Vital Voices Global Partnership is working toward empowering young women with the leadership skills to effect global progress and invest in their communities across the country. Each year young women are selected to become fellows who go through business and leadership training.To better understand the impact of the program and bring to light the Fellow’s changes in leadership and their networks, Vital Voices piloted an evaluation using the photovoice methodology and social network analysis. The evaluation seeks to answer the following questions: a) to what extent has the fellowship changed and redefined the perception of women’s leadership?;b) how has the fellowship helped bring young women’s leadership vision to life?; c) What is the network of fellows? The presentation will describe the learning in the process of piloting a new methodology and evaluation along with preliminary results. The focus of the presentation on what worked and why it worked.
Abstract 4 Title: Integrating capacity building opportunities for users of evaluations: An approach to cultivating evaluative learning
Presentation Abstract 4:
There is growing pressure and need to increase use of evaluation by implementing organizations. This is important given the push for implementing organizations to actively learn from their work, adapt to new challenges and improve results as opposed to using evaluation solely as a backward looking exercise. In thinking about increasing the use of evaluation, the evaluation process itself can be viewed as a learning opportunity given that people who are directly involved in evaluations are best positioned to internalize evaluation findings. The presentation will describe the National Democratic Institute’s (NDI) experience working with an external evaluator to integrate capacity building opportunities into an external evaluation for its Nepal democracy assistance program. The focus of the presentation will be on understanding lessons learned around what did and did not work and providing recommendations for intentionally building this approach into program evaluations as an approach to cultivating evaluative learning.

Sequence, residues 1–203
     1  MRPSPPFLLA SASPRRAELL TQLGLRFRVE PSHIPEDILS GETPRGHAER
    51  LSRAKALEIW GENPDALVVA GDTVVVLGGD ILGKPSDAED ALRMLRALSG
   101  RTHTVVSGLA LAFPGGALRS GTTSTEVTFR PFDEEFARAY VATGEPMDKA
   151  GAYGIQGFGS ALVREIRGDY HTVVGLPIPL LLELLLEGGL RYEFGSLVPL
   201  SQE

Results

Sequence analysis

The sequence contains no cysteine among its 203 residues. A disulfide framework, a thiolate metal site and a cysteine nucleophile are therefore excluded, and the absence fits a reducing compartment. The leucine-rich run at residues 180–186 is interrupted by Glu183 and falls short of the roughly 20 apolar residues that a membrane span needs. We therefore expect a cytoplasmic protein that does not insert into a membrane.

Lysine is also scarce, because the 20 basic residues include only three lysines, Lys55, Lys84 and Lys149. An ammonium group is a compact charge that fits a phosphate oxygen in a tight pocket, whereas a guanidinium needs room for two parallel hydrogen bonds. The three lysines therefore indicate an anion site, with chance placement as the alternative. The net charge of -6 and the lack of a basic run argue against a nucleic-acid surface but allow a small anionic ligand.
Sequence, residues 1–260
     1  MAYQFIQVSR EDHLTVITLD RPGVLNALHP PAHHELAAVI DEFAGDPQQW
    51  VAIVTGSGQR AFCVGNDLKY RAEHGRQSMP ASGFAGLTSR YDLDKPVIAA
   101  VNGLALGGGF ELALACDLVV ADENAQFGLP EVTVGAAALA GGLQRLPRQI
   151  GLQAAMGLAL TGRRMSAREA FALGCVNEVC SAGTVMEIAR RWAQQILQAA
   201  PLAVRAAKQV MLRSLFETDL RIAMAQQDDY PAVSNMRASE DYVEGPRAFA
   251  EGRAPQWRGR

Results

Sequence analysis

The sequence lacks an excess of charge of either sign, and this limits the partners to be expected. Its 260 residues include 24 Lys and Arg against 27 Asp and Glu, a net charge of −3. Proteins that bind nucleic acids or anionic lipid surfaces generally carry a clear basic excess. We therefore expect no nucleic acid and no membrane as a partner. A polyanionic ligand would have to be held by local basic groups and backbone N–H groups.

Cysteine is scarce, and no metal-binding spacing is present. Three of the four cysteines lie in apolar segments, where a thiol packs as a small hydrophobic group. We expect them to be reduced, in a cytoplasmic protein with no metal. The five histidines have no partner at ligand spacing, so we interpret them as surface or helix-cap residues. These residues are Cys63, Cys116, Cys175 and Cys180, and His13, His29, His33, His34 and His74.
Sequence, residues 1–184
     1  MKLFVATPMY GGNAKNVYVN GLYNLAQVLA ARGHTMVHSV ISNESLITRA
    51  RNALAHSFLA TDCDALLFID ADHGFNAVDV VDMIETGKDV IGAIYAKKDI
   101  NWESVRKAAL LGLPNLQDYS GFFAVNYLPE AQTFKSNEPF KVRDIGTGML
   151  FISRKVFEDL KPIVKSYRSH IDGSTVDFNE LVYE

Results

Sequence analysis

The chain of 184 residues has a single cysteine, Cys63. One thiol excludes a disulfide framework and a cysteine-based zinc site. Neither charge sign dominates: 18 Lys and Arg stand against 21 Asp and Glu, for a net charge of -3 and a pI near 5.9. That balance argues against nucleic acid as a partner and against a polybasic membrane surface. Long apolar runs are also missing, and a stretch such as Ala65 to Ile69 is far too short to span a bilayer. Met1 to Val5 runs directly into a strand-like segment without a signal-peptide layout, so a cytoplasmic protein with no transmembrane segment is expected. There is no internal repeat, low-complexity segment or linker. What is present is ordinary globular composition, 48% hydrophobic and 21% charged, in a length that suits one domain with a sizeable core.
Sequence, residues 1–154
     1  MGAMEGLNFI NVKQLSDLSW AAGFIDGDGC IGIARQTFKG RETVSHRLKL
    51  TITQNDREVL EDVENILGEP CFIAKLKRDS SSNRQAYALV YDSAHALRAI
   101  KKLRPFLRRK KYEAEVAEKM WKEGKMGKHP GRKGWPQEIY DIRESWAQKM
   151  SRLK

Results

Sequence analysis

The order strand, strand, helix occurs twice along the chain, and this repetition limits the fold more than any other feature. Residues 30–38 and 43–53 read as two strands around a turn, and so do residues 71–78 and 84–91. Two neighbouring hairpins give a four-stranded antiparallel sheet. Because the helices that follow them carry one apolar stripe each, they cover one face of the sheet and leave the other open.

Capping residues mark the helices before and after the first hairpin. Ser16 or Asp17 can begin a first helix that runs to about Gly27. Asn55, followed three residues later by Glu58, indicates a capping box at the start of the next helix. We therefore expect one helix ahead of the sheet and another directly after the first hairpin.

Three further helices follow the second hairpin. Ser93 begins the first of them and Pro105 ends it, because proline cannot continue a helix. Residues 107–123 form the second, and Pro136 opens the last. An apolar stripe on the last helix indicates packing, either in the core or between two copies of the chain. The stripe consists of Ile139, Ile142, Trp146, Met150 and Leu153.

Theme: Learning from Others
Audience Level: All Audiences
Session Abstract (150 words):
All organizations are driven by offering evidence that impact was achieved. Learning how and why the impact was achieved is an important aspect of evaluation. Adapting, sharing and cultivating evaluative learning is an essential piece to both amplify impact and create effective strategies. The National Democratic Institute, Solidarity Center and Vital Voices Global Partnership present a variety of approaches and processes to create evaluative learning that can be acted on to increase organizational impact. Each organization will offer insights on evaluative learning resulting from the use of evaluation, what works or not, and collaborative efforts across stakeholders in different disciplines in democracy and governance and women’s empowerment programs.